By Keith Naughton and Joe Deaux, Bloomberg, chron.com
(Bloomberg) — Ford Motor Co. said Donald Trump’s tariffs have made steel more expensive in the U.S. than any other market, escalating the company’s criticism of the president’s trade war.
“U.S. steel costs are more than anywhere else in the world,” Joe Hinrichs, Ford’s president of global operations, said Monday at an event marking the start of Ranger pickup production at a factory west of Detroit. He added that Ford is talking to the administration about the tariffs: “We tell them that we need to have competitive costs in our market in order to compete around the world.”
Ford Chief Executive Officer Jim Hackett last month called on President Donald Trump’s administration to resolve trade disputes quickly, warning that they would otherwise do more damage to the second-largest American automaker. He said the company sustained a roughly $1 billion hit to profit despite the fact that it sources most of its metals from the U.S.
Domestic hot-rolled coil — the benchmark price for American-made steel — has gained 28 percent in 2018 as the Trump administration implemented tariffs on imports. The levies helped push prices to about $920 a metric ton earlier this year, the highest in a decade. U.S. steel currently costs about $260 more per short ton than steel in China, which accounts for more than half of global demand.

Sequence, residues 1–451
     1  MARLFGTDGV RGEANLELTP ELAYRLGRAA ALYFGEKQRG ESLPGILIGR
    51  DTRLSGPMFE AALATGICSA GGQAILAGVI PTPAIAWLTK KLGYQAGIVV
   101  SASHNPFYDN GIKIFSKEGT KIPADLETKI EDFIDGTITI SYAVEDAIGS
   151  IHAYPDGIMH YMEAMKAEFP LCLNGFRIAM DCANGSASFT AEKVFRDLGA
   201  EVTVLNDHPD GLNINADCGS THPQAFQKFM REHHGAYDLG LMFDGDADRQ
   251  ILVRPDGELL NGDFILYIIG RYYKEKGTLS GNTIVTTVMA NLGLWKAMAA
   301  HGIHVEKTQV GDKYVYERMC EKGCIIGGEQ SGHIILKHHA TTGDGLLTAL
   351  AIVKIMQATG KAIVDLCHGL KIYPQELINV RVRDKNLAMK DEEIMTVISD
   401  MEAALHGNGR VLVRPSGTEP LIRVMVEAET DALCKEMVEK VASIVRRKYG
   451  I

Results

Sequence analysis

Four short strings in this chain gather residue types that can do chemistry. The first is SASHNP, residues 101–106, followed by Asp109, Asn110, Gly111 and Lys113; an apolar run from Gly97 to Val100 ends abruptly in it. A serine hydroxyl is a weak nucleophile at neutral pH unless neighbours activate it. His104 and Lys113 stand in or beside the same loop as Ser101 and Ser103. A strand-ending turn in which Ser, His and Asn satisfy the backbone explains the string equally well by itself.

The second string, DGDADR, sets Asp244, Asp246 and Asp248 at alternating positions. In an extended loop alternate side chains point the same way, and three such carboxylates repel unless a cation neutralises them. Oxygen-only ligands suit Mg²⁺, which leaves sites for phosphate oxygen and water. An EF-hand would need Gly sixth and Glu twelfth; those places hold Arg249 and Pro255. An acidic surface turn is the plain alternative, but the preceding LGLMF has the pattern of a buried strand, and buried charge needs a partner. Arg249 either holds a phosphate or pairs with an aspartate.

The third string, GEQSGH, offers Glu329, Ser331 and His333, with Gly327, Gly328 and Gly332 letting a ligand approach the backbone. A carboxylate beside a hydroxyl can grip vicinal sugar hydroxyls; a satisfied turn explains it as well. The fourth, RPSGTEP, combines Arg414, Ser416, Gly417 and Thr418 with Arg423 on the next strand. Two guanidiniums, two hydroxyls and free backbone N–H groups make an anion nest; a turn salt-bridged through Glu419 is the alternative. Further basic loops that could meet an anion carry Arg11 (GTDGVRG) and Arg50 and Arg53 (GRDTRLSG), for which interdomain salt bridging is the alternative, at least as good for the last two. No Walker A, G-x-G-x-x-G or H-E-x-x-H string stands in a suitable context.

Trump has portrayed his levies as key to getting other countries to cow to his trade demands. When celebrating a trade deal with Canada and Mexico to replace Nafta earlier this month, he referred to those who have complained about tariffs as “babies.” The president also accused motorcycle manufacturer Harley-Davidson Inc. of using them as an excuse to move jobs overseas.
It’s been a rocky road for relations between Ford and Trump. He repeatedly attacked the company on the campaign trail in 2016 for announcing its intention to move small-car production to Mexico. The automaker earned the president-elect’s praise for nixing that plan weeks before his inauguration.
Trump has since answered a call by Ford and other carmakers for the U.S. to re-examine fuel economy standards set by the Obama administration. The company received this relief with some trepidation, clarifying that it wasn’t asking for a rollback to rules and didn’t want the federal government to battle states led by California over their tougher standards.
Trump’s steel and aluminum tariffs aren’t the only way in which his trade policies have had an impact on Ford. In August, the automaker scrapped a plan to sell a new model called the Focus Active in North America. Ford cited the U.S. slapping an additional 25 percent levy on vehicles imported from China, where the crossover will be built.
President Xi Jinping has gone tit-for-tat with Trump, matching his 40 percent tariff on imported vehicles. That’s led Ford to reduce American exports to China, particularly of Lincoln models that it’s trying to sell in the world’s biggest auto market.
While Ford only imports a small number of vehicles into China, it’s been struggling mightily in the market. Sales there have declined in 14 of the last 15 months and plunged 43 percent in September, as trade tensions combine with a stale lineup and dearth of sport utility vehicles to drag on demand.
“We encourage all counties — but especially the U.S. and China — to work together,” Hinrichs said. “We think it’s in the global economy’s interest to do so.”